[Haskell] Dependent types, was:2-D Plots, graphical representation of massive data

MR K P SCHUPKE k.schupke at imperial.ac.uk
Tue Aug 31 07:59:18 EDT 2004

>I think you are confusing Dependent Types with Functional Dependencies.

Actually the two are not that dissimilar... If we allow types to depend
on types (which is what Functional Dependencies allow) IE:

	class a b | a -> b
	instance Int Float
	instance Float Int

For example is really a function on the type level mapping a to b. All
that is missing is a way to make types depend on values... which can
be done with dictionary passing. Here is an example:

class ReifyBool t w where
        reifyBool :: Prelude.Bool -> t -> w
instance (Apply t AllTrue w,Apply t AllFalse w) => ReifyBool t w where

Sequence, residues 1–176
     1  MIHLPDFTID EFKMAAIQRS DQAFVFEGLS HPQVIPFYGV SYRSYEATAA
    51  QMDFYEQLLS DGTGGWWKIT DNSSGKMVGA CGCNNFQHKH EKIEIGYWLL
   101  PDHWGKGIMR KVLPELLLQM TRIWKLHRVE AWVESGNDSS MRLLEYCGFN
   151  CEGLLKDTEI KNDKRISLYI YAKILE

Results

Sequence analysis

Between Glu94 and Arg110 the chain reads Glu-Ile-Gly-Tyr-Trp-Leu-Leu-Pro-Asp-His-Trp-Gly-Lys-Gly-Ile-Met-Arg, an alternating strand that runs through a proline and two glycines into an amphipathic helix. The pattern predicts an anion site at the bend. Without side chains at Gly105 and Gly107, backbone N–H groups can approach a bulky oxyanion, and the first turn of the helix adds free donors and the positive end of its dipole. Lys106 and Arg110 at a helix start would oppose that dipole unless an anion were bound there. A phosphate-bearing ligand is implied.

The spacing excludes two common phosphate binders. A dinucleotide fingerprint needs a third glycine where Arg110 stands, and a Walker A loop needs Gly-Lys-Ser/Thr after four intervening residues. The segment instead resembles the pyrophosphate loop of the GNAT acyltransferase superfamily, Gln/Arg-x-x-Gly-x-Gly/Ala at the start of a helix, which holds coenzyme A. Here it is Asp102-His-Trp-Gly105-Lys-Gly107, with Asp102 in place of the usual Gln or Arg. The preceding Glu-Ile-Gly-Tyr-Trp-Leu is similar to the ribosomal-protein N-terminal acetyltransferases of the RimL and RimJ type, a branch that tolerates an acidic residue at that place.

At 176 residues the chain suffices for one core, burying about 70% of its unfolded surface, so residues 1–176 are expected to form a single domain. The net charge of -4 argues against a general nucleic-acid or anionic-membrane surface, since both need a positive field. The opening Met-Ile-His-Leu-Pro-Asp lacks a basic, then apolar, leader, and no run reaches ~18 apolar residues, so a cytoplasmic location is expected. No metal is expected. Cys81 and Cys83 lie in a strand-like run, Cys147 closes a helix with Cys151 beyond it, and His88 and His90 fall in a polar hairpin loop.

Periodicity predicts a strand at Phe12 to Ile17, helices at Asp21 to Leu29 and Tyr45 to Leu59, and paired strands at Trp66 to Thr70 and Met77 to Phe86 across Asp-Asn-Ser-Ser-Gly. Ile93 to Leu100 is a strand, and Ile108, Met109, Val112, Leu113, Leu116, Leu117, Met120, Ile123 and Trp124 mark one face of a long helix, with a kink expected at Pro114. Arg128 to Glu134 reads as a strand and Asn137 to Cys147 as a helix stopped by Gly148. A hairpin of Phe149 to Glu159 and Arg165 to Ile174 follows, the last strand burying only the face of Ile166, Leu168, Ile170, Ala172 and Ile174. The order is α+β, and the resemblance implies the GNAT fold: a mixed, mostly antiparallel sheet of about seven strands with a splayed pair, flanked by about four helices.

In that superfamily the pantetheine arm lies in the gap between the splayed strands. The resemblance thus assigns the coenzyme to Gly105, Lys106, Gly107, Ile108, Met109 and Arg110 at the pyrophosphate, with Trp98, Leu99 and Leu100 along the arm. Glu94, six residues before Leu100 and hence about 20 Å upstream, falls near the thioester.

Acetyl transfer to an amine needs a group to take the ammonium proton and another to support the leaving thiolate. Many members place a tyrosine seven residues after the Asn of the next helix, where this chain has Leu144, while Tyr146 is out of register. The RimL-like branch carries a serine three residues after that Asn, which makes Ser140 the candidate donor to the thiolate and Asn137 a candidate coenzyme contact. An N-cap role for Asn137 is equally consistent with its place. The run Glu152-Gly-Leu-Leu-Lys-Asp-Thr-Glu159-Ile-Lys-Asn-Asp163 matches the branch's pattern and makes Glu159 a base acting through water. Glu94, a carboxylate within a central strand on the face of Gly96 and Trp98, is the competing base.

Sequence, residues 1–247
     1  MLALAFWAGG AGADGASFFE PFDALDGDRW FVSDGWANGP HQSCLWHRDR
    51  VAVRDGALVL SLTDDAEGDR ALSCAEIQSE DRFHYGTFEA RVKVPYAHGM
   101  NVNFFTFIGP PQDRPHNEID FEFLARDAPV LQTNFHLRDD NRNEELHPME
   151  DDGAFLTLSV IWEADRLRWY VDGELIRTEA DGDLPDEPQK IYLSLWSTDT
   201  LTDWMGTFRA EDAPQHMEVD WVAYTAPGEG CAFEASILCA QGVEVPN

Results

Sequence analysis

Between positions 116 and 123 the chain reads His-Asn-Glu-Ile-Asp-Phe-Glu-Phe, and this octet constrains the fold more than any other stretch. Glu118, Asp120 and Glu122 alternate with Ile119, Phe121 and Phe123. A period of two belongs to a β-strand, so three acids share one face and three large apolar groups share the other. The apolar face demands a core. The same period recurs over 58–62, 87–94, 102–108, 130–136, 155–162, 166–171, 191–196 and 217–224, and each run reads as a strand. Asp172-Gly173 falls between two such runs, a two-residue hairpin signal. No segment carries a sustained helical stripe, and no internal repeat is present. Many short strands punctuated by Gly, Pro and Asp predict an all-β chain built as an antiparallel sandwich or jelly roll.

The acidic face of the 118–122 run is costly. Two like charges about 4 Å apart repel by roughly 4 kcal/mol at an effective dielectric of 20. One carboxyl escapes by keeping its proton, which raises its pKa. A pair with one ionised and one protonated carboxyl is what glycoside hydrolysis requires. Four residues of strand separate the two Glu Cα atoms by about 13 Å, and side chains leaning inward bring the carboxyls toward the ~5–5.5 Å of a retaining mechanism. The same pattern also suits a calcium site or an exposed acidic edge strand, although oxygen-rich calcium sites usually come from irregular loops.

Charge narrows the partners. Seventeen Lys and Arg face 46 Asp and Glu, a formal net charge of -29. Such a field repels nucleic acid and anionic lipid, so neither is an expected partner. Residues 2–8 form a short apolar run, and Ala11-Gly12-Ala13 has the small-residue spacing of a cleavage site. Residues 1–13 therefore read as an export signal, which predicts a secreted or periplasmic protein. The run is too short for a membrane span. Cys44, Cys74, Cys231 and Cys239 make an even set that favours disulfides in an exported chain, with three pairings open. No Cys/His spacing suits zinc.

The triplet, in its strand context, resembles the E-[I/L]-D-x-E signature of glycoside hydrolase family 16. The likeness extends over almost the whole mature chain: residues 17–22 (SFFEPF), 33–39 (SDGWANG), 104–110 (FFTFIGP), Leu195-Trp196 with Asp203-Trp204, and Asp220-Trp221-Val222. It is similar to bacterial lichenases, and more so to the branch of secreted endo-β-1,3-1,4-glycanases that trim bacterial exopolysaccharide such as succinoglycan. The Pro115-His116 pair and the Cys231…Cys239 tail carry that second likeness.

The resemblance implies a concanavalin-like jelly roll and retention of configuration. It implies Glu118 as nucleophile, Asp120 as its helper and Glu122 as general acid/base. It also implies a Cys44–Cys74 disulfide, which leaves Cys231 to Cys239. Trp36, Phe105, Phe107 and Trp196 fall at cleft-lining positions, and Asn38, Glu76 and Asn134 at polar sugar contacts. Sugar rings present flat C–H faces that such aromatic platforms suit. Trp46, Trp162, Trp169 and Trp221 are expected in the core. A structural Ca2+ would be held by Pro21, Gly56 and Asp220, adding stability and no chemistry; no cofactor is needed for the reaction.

reifyBool Prelude.True t = apply t AllTrue
        reifyBool Prelude.False t = apply t AllFalse

The limitation here is that an 'instance' must exist for each possibility
in the program, so we are limited to a finite range of values... although
we can use type recursion in the class to make the code smaller, we still
must have some limit known at compile time, for example Int:

class (NotNegative m,NotPositive n) => ReifyNotPositive m t i n w where
        reifyNotPositive :: Integral i => m -> t -> i -> n -> w
instance NotPositive n => ReifyNotPositive Zero t i n w where
        reifyNotPositive _ _ _ _ = error "Number to be reified exceeds maximum range."
instance (NotPositive n,ReifyNotPositive m t i (Pre n) w,Ctrl.Apply t n w)
        => ReifyNotPositive (Suc m) t i n w where
        reifyNotPositive (Suc m) t i n
                | i<0 = reifyNotPositive m t (i+1) (Pre n)
                | otherwise = Ctrl.apply t n

(I appologise if the code is a little verbose, but to avoid mistakes I have
cut and pasted from a working project - but you can see the important

So by combining reification to a type level representation and functional
dependancies we arrive at dependant types...


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